What’s up?

December 1, 2005 By    

It should come as no surprise to propane marketers that the cost of doing business keeps going up, up and up. Industry suppliers are facing similar increases on the raw materials coming into their factory doors, resulting in higher price tags on the products they sell.

Across-the-board price hikes and selected surcharges are on tap from Harsco, which includes Sherwood valves, regulators and float gauges, plus the line of propane vessels produced by American Welding & Tank (AWT).

“The entire catalog of Sherwood compressed gas and LP products will be affected by the new price levels,” says Scott W. Boyd, vice president of sales and marketing for Compressed Gas Products.

 Across-the-board price hikes and select surcharges on tanks, hose and bobtails are expected to get passed along to propane retailers in 2006.
Across-the-board price hikes and select surcharges on tanks, hose and bobtails are expected to get passed along to propane retailers in 2006.

“We will be adjusting our base prices and implementing surcharges as applicable. We are now certain that our price structures for 2006 will be elevated compared to current 2005 levels. The only uncertainty is the magnitude of the increases.”

The higher pricing schedules are set to take effect in January. The exact amounts were to be announced in early December, with details remaining fluid at press time.

The pumps, meters and valves that go into a bobtail's construction are all going up in cost, along with the steel and aluminum content.
The pumps, meters and valves that go into a bobtail’s construction are all going up in cost, along with the steel and aluminum content.

“Our increases will be governed by close analysis of price increases from our suppliers received through the end of November,” says Don Fabricy, AWT vice president of sales and marketing for LP products. “Diesel fuel price increases have had a compounding effect on the cost of trucking raw materials into our multiple manufacturing facilities. Our suppliers have maintained reliable deliveries.”

Price increases are also being closely scrutinized over at Sherwood.

“Sherwood will persevere in efforts to contain and neutralize accelerating costs through production efficiencies and technical product innovations,” says Dino Sciullo, director of operations for Sherwood’s manufacturing complex. “Although our continuing evaluation of the impact of spiraling energy and raw material costs on our manufacturing operations may provide us with clues to potential areas for production process improvements, it is evident that unprecedented energy increases are well beyond our capacity to absorb.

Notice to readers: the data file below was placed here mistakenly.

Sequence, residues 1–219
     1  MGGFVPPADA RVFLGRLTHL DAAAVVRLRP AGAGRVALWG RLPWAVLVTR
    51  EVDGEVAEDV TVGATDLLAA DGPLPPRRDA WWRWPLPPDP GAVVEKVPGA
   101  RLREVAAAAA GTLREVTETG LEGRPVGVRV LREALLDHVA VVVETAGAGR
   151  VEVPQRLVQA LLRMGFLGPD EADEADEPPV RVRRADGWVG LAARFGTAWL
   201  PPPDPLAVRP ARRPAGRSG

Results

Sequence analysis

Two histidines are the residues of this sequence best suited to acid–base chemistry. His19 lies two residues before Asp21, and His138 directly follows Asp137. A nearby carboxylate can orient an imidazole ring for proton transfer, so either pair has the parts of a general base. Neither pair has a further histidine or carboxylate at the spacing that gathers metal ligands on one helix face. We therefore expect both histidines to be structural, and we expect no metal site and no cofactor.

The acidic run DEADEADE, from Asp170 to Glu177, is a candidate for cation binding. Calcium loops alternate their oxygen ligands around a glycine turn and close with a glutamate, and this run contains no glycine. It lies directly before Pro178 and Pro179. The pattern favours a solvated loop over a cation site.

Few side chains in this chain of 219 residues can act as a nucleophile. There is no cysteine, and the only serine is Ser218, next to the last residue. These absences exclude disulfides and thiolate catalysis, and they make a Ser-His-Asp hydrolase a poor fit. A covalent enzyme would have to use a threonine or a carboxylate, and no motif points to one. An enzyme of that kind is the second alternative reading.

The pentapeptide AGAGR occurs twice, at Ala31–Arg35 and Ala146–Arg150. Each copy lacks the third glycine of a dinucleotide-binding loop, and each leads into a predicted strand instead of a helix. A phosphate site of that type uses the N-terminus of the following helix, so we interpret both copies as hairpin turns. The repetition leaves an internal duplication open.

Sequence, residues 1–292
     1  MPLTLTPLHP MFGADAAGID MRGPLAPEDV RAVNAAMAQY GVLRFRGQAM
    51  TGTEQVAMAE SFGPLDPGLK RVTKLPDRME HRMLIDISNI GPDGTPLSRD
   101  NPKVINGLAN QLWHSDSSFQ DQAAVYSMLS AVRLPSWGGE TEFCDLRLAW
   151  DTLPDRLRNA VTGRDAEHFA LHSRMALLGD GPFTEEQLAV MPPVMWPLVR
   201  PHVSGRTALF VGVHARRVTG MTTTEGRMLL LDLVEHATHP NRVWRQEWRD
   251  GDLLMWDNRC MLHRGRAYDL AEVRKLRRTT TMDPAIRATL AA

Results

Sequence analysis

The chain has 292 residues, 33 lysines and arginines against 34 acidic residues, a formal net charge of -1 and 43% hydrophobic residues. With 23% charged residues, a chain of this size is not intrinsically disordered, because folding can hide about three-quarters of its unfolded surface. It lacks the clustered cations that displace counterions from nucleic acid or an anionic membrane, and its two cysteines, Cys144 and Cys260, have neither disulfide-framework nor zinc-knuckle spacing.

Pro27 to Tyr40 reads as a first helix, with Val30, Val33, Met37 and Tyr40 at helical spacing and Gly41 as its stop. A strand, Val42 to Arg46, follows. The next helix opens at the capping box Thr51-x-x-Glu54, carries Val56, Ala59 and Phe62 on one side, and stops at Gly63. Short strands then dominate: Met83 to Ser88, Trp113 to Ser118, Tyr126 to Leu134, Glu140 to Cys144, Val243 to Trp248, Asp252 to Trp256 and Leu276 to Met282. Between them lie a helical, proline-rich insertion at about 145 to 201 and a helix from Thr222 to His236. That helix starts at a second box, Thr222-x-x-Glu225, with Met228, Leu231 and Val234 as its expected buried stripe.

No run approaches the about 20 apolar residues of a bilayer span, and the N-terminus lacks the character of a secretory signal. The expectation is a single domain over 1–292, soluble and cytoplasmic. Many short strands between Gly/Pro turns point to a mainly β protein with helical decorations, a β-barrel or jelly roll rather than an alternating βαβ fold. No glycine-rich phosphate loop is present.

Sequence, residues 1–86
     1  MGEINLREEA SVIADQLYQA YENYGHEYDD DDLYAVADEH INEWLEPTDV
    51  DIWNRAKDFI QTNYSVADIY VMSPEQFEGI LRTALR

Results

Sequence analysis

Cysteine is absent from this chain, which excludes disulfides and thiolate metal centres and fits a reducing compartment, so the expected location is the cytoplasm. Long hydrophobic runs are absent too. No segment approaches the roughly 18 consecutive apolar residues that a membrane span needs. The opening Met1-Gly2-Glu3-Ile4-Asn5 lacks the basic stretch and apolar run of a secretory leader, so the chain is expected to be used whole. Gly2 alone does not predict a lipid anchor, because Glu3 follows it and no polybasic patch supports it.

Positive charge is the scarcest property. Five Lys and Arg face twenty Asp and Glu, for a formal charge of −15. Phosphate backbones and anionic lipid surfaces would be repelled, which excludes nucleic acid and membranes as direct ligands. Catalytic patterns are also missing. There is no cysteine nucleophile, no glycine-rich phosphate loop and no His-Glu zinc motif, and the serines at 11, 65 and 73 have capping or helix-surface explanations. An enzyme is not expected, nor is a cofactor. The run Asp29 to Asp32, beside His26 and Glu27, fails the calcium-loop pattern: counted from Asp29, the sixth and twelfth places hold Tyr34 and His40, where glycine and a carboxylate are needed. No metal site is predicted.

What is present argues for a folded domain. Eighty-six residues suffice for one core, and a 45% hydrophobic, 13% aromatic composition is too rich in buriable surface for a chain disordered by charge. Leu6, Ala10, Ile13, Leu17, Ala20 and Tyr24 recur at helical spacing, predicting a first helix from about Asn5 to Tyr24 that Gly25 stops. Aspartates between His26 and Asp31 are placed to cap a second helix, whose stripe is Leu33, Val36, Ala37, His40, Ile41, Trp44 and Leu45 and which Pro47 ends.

“There is current speculation that well publicized global material shortages may experience some relief by [spring] next year. However, the existing influence of short supply-chain availability is expected to continue to force material costs higher in the near term.”

Tipping point

“This year we’ve seen diesel prices go sky high,” says Lynn Hardin, national sales manager for Quality Steel Corp. “We are just about at the tipping point of having to make a [pricing] change based on the price of diesel. Because of the miles we travel, we have to monitor the diesel market on a daily basis.”

Quality Steel’s transportation costs are up 17 percent.

“The tank is no good to a propane retailer if we can’t get it there,” Hardin says. “We build it, but then we have to get it to the dealer’s location. We’ve seen surcharges fluctuate from month to month on steel.”

Analysts say that because of the ravages inflicted by this year’s Gulf Coast hurricanes, pricing for the three most common resins used to make plastic have jumped 20 to 30 percent since August.

“The plastic dome costs about as much as the steel dome does,” says Hardin.

Even the cost of paint is up based on its petroleum-related ingredients. This equated to a significant increase for Quality Steel, according to Hardin, who noted that Quality’s last price boost was in January 2005.

“We’ve tried to make it as easy on our customers as we could,” says Hardin. “We’ve tried to be sensitive to that.”

“You can only absorb so much,” says Rick Simpson, vice president of sales and marketing for Manchester Tank. “We’ve had customers say, ‘I’m not surprised with all we’ve been hit with.'”

A 2.5 percent energy surcharge has been implemented because of the soaring cost of natural gas used in the manufacturing processes.

Steel’s higher cost has also aggravated a tough business climate, along with a slowdown in industry purchase orders because of last season’s mild winter.

“It’s been off somewhat,” says Simpson. “We haven’t had cold weather; weather drives this business. When we have a good cold snap that goes all the way down to the South our phone rings off the hook.”